Tuesday, September 13, 2011

Like the Brightness After Rain That Brings Grass from the Earth

we are experiencing a severe drought in our part of the country. grass is brown; trees, especially small ones, are dying; livestock and wildlife are in dire straits. in many areas, though not in our town, water is being rationed. we are beginning to hear calls for prayer services to implore God to send rain.

as i rode on my morning bike ride a few days ago, i looked at the brown vegetation and thought about these calls for prayer. do i believe that God is the cause of the drought? no. if i, as an individual, or we, as a collective, pray for rain, and it doesn't come, is God refusing to listen to me (us) or punish me (us) for some great sin? no. then, is it appropriate for any of us to pray for rain? my conclusion is that it is not. the drought is part of a natural process, or perhaps it is the result of our indifference to the environmental harm that we are doing by emitting great quantities of greenhouse gasses. in any eventuality, God is not the cause of our suffering.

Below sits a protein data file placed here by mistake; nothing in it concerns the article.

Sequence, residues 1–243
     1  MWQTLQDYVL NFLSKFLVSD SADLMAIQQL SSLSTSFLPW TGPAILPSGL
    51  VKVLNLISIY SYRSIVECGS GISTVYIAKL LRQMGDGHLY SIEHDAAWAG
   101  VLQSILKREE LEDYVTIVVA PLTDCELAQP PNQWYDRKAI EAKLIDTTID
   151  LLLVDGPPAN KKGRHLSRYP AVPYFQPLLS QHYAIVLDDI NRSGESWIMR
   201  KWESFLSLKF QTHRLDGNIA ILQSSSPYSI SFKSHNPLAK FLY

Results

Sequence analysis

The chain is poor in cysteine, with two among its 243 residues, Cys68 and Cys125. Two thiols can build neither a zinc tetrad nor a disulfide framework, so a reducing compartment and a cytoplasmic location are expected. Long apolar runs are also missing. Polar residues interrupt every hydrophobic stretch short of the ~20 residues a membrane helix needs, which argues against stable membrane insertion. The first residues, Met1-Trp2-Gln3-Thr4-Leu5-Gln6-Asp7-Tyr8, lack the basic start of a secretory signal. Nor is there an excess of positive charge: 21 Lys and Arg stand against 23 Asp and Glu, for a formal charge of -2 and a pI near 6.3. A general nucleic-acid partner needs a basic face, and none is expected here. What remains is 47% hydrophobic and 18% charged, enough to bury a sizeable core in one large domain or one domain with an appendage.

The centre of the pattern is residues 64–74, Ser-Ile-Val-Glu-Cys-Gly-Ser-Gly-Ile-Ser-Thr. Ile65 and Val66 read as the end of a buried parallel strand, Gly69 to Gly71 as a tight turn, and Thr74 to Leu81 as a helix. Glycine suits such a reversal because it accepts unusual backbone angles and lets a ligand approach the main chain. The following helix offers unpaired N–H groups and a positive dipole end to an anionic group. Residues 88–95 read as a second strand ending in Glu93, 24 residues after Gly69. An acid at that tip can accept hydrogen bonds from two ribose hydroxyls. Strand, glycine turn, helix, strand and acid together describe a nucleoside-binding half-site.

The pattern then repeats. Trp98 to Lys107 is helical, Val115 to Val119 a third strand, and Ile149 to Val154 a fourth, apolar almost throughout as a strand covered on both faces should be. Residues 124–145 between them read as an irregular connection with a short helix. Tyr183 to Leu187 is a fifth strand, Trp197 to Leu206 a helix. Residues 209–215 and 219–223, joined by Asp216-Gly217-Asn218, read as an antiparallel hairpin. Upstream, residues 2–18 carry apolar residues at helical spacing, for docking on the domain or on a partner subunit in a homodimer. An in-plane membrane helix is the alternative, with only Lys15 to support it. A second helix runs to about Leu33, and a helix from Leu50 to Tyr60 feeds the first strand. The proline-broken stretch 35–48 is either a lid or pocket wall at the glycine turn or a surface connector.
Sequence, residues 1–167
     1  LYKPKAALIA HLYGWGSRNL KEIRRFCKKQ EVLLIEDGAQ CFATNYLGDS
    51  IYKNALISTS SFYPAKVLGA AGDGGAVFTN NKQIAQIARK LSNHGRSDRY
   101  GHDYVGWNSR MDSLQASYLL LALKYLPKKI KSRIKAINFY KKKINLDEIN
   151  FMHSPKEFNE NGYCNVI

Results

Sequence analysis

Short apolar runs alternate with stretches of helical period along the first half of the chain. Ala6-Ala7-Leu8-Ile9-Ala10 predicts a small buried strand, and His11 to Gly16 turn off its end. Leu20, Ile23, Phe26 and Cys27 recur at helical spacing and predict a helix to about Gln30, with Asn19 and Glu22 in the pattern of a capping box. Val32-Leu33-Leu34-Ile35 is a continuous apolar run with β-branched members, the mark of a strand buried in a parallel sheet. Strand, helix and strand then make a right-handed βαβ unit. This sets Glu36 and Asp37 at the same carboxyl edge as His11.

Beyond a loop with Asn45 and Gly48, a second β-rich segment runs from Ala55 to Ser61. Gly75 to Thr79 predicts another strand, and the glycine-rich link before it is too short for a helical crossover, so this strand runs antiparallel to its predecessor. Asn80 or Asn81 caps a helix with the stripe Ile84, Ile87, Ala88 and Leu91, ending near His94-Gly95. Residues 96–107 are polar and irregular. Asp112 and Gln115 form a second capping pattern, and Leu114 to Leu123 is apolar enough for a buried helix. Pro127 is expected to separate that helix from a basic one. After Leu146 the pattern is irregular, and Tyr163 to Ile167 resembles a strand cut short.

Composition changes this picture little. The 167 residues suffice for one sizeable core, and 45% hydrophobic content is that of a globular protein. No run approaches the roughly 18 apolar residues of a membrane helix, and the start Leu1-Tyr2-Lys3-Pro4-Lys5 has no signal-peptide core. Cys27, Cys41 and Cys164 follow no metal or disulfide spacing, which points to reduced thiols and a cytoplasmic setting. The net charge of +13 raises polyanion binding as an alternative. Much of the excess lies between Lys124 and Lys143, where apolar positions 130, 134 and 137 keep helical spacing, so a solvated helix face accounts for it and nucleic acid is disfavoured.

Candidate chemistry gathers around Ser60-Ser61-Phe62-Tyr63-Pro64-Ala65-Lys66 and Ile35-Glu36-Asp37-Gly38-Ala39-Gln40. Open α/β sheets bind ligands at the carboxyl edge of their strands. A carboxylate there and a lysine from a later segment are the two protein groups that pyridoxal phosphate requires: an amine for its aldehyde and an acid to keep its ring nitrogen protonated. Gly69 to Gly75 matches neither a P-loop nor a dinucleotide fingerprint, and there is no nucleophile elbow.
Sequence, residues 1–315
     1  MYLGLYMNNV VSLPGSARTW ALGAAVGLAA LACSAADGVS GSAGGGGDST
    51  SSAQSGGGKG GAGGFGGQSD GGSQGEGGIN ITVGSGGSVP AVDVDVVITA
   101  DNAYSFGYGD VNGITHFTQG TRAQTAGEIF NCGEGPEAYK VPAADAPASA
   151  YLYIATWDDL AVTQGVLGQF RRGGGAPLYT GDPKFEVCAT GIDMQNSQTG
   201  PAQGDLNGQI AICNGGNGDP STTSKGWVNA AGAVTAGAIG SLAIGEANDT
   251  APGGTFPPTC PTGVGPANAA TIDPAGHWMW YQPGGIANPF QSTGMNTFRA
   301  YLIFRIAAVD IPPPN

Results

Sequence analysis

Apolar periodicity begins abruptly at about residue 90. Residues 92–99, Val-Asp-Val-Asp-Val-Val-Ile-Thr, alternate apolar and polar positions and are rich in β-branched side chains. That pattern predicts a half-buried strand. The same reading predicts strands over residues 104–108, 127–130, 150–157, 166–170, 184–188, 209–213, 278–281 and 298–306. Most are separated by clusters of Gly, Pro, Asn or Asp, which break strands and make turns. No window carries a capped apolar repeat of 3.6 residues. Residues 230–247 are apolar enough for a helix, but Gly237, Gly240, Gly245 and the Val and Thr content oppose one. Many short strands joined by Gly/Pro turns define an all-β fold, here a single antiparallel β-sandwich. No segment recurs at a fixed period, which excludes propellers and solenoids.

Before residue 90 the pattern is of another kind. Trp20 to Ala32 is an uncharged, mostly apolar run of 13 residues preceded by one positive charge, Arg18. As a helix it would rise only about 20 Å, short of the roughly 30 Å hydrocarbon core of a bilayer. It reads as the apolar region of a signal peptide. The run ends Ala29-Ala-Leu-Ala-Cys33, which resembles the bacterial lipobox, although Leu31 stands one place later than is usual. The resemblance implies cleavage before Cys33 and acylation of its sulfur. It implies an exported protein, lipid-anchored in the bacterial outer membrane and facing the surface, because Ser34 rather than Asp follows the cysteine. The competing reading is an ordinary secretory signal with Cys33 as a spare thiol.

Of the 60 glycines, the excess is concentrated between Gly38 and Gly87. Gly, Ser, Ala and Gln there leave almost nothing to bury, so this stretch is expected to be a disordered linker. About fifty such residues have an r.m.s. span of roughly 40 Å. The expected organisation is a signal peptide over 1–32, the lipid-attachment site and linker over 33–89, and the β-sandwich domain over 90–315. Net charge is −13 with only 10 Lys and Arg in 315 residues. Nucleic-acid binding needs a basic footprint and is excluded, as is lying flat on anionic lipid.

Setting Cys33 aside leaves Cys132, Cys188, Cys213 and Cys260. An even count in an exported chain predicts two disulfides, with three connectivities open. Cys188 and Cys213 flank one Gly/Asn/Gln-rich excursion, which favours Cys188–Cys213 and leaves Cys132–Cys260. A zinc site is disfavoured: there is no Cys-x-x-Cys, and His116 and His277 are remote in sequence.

for what, then, should we pray? perhaps wisdom to stop our damage to the atmosphere? perhaps wisdom to deal intelligently with the results of the drought? perhaps wisdom to know the priorities to choose in saving what we can and allowing other living things to perish? do i believe that God could send rain? certainly, but i also believe it is wrong to ask for God to interfere if the drought is caused by natural forces and wrong to ask God to intervene if the drought is caused by our own selfishness. those who are praying for rain will eventually see the rains return and will credit their prayers for ending the drought, but i believe that God has set nature in motion and lovingly helps us deal with the effects of those natural forces.

my prayer today is that we will have wisdom to deal with the effects of the drought intelligently and compassionately and that we neither blame God for the drought nor ask God to intervene miraculously to end it.

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